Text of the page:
It’s true that you must contend with a complex business model, mountains of data, and byzantine back-end systems. But the healthcare industry has been given a pass in terms of its laggard digital experiences for far too long. Remember, the average consumer doesn’t care about those underlying mitigating factors. They just want the experience of finding a doctor, filing a claim, or getting more information about their insurance coverage to be as simple as finding a new restaurant on Yelp, ordering groceries in the Target app, or getting project estimates from Home Advisor.
The Healthcare Industry is Ripe for Digital Transformation — and the Digital Giants are Poised to Take the Lead
The digital gap in healthcare isn’t just apparent to consumers. It’s captured the attention of the digital giants, too. Companies like Amazon, Apple, Google, and Microsoft are turning their focus to the healthcare industry.
For example, Apple and Google are now competing to come up with the standard for Fast Healthcare Interoperability Resources (FHIR). (These new healthcare requirements are intended to protect patients’ ability to access their data across providers.) Meanwhile, Amazon partnered with Berkshire Hathaway and JPMorgan Chase to form a new healthcare venture called Haven. While the project is still in its formative phase, Haven’s stated goal is to leverage data and technology to reduce healthcare costs and deliver better outcomes.
While the digital giants have yet to take on health insurance, the fact that they are entering adjacent spaces absolutely impacts the health insurance space. Remember, the digital giants are the vanguard of consumer-focused digital experiences. They likely know more about your members and their behaviors than you do. And they move at light-speed in terms of ideating, building, and delivering new products, services, and lines of business.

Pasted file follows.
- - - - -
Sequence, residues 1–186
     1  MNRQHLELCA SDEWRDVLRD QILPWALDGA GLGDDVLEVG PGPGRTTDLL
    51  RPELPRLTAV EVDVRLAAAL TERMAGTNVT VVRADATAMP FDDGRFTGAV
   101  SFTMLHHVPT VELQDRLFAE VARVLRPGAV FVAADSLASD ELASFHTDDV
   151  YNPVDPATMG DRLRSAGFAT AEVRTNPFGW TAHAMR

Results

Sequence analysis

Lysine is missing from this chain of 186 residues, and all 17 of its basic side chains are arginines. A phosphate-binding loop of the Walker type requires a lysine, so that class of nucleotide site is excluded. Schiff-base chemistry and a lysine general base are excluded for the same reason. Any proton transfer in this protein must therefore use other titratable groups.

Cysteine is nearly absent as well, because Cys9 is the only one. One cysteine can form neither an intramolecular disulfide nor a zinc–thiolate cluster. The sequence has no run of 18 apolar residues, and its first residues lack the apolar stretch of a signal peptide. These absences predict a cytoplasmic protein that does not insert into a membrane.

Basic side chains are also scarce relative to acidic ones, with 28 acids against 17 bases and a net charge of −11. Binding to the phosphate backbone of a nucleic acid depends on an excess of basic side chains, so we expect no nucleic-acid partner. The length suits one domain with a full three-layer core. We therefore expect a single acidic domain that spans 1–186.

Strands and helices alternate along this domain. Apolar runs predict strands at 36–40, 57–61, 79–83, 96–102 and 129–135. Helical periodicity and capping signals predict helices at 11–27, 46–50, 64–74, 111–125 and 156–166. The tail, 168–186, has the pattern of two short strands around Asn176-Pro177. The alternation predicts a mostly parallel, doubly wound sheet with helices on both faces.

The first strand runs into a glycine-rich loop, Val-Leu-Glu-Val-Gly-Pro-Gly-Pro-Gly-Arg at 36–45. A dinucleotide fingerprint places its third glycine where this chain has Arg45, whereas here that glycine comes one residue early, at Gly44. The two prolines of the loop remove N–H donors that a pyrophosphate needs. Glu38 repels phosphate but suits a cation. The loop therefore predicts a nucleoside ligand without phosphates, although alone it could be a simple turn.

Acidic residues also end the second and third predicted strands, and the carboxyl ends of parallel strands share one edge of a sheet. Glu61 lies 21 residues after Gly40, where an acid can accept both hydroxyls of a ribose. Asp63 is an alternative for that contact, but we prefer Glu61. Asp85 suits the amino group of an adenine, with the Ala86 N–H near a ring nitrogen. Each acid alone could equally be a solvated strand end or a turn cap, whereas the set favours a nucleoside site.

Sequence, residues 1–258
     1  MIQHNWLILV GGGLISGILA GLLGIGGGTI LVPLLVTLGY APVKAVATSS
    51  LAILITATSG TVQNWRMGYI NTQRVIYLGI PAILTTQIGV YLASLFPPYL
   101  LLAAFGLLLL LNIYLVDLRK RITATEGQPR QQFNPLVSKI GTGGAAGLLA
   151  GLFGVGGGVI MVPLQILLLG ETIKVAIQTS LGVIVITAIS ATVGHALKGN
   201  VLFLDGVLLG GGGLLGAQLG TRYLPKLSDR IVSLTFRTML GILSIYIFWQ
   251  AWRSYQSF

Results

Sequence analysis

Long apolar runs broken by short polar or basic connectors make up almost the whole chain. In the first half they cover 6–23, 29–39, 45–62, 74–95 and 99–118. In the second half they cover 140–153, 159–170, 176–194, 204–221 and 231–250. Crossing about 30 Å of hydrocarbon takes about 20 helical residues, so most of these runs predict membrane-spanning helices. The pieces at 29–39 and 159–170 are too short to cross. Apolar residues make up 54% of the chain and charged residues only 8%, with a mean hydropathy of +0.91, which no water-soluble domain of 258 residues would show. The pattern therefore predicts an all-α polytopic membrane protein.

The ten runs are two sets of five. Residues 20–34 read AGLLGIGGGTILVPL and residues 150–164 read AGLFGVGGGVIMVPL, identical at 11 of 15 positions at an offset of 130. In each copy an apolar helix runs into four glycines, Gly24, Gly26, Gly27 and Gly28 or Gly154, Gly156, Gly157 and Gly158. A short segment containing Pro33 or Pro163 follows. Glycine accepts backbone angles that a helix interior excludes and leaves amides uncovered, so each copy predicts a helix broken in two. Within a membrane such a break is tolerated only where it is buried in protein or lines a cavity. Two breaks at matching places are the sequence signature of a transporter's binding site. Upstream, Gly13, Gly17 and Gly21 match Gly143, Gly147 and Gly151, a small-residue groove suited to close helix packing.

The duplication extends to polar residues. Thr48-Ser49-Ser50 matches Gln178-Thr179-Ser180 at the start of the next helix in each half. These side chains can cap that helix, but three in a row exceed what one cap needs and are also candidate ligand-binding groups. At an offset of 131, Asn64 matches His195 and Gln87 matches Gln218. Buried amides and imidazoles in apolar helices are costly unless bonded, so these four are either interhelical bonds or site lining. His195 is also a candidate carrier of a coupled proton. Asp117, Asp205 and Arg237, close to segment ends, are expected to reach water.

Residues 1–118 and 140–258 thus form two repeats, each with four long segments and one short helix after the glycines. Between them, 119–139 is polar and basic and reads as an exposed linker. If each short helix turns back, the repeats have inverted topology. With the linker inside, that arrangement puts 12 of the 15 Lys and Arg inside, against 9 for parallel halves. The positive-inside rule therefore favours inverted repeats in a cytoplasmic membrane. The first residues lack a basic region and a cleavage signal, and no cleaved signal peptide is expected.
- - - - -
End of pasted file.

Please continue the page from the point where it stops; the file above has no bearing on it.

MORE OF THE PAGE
As Google, Amazon, and other tech companies edge into the healthcare space, they are training consumers to expect an ever-more sophisticated healthcare experience. Moving forward, if your digital experiences are slow and unintuitive in comparison, you’ll stick out like a sore thumb.
The takeaway? Your healthcare company can no longer afford to stay behind the digital curve.
How to Embrace Digital Innovation and Position Your Healthcare Company as Tomorrow’s Leader
- Start with a comprehensive UX audit. A crucial part of a successful healthcare strategy is simplifying the complicated experience for the average customer. Before you can do that, you need to take stock of how well your existing digital experiences perform with users. Review your existing research data — and commit to more user testing to fill in the gaps. As problem areas come into focus, envision a new and improved experience and build internal alignment around it.
- Revisit the technological constraints that are holding your organization back. Your digital experiences will always be constrained by your least sophisticated back-end systems. Ask yourself: Is it time to break up with your legacy systems?
- Create a robust customer experience (CX) strategy. Investing in your CX will pay dividends in both the short and long run. Start with customer journey mapping. Next, construct a CX roadmap that features a balance of instantly gratifying “quick wins” and long-term major updates. By rapidly delivering added value and continually building on it, you’ll positively impact new customer sign-ups — and reduce customer churn moving forward.
- Leverage proven B2C innovations and translate them to healthcare. You don’t have to start entirely from scratch in your quest to create innovative and intuitive digital experiences. Look to the leading B2C companies for inspiration and pluck the lowest-hanging fruit. A good first step? Adopt common design patterns — like efficient self-service tools, interactive support features (such as chat), and adaptive mobile apps — to instantly revamp your digital experiences.
Investing in your healthcare company’s digital experience is really just another way of investing in your customers. And the better your experience is, the more loyal your customers will be.